One of our members writes:
“We have a simple hydraulic system: pump and 4 double-acting cylinders. Most of the oil between the directional control valve and cylinders ‘shuttles’ back and forth in the lines without returning to tank. The manufacturer of the system, Rexroth, tells me there is never a need for ‘bleeding’ air from the system. How can this be? There are occasions when we change a component and air gets into the system. It would seem only natural to bleed the air out. Why would Rexroth say it is not necessary? More importantly, how do you bleed such … continue reading »
Now is not a good time. It’s a popular cliché and an evergreen excuse. Fact is of course, when you’re looking into the future, there’s never a good time to do anything. Because it’s always easy to identify some logical reason why right now is not a good time to act.
Sure, the future is always uncertain. But it’s a cop-out to use it as cover for permanent inaction. And it seems to me a lot of hydraulic equipment users are guilty of this with respect to proactive maintenance. Consider this from one of our members who works for a … continue reading »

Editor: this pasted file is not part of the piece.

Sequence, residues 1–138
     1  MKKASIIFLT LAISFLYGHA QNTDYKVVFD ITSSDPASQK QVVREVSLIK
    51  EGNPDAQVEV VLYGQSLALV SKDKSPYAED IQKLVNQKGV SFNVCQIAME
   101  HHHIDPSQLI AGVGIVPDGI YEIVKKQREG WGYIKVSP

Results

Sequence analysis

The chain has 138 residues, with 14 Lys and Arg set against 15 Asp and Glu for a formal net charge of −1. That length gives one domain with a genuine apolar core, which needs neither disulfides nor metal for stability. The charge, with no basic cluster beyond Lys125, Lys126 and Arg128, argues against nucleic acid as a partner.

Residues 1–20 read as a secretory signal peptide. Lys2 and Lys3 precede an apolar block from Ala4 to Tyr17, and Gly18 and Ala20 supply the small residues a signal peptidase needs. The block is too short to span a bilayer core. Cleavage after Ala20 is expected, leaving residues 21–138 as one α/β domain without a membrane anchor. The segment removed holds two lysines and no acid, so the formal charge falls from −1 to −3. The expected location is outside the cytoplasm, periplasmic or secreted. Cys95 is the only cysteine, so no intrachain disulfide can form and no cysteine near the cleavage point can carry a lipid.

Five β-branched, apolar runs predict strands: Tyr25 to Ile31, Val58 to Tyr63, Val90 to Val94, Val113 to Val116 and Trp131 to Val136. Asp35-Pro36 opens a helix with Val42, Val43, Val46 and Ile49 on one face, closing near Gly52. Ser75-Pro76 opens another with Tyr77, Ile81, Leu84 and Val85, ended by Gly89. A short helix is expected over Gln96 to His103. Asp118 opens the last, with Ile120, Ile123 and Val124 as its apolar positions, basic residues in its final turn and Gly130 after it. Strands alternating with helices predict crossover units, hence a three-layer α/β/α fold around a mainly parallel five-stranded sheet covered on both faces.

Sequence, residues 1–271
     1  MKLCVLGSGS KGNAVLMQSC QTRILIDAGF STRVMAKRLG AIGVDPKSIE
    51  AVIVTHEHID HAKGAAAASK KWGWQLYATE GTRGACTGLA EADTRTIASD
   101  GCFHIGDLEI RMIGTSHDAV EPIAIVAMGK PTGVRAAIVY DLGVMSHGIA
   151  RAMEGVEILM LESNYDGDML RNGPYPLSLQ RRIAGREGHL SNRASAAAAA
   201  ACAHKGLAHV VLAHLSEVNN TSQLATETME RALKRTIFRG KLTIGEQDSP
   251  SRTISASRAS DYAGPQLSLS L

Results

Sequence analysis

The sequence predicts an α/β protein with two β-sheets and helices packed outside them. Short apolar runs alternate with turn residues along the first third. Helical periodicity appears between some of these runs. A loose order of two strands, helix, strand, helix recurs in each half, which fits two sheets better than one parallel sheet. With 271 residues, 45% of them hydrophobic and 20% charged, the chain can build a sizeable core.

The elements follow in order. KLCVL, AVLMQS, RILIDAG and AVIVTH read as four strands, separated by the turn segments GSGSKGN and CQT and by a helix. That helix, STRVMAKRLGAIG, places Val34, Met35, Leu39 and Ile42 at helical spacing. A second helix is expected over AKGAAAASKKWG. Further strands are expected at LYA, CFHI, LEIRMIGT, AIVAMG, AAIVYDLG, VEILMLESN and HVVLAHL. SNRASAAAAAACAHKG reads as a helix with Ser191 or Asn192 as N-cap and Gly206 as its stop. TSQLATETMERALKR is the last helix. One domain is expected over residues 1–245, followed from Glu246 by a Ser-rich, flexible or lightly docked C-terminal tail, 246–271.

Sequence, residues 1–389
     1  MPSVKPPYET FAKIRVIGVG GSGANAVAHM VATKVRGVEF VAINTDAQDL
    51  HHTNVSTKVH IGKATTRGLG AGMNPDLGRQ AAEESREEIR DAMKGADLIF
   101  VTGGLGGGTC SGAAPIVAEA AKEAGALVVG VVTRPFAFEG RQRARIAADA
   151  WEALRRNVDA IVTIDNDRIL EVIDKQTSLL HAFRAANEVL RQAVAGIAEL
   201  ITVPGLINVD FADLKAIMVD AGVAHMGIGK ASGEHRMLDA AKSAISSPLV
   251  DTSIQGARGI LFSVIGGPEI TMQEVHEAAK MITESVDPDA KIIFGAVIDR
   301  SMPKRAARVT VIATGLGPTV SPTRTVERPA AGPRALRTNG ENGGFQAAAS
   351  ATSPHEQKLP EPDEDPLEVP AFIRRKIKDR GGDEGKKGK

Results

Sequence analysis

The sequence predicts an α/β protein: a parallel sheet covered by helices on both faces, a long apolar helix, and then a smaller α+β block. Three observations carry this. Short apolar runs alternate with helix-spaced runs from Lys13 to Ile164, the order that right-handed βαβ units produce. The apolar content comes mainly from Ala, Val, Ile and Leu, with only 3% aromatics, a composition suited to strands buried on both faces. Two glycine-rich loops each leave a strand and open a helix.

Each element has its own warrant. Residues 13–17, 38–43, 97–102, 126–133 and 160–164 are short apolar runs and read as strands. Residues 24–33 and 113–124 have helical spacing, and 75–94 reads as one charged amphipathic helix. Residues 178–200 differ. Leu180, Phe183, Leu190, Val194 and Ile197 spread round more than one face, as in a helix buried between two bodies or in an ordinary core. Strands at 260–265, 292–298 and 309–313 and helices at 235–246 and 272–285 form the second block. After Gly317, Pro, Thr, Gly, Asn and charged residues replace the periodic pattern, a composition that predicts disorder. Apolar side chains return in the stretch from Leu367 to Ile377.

As I often remind hydraulics users here and in my work in other places, energy contamination, a.k.a. heat, is public enemy #1 of every hydraulic system. And it’s a bigger threat to system longevity and reliability these days than particle and water contamination-due to the widespread awareness and adoption of modern filtration technologies.
Adequate lubrication of hydraulic components and efficient power transmission are both dependent on appropriate oil viscosity. If system operating temperature is allowed to exceed that required to maintain viscosity at around 20 centistokes, the likelihood of boundary lubrication conditions occurring, resulting in friction and wear, increase dramatically.… continue reading »